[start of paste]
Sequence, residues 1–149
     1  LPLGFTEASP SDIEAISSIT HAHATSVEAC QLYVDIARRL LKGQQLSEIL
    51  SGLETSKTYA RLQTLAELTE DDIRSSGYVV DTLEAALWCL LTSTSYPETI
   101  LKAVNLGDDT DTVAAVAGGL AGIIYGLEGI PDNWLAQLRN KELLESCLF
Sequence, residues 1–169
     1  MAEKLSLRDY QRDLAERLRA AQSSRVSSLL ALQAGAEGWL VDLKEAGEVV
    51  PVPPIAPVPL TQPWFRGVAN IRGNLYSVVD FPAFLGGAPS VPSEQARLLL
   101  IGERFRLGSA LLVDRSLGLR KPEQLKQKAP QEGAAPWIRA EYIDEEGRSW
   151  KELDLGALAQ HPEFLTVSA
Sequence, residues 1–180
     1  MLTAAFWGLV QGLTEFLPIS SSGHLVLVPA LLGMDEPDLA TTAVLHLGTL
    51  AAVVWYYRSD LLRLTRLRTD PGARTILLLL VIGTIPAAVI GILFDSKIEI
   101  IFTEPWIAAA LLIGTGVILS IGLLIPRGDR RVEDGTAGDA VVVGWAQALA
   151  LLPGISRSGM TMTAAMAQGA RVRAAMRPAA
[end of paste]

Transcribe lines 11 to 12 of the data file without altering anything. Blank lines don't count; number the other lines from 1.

     1  MLTAAFWGLV QGLTEFLPIS SSGHLVLVPA LLGMDEPDLA TTAVLHLGTL
    51  AAVVWYYRSD LLRLTRLRTD PGARTILLLL VIGTIPAAVI GILFDSKIEI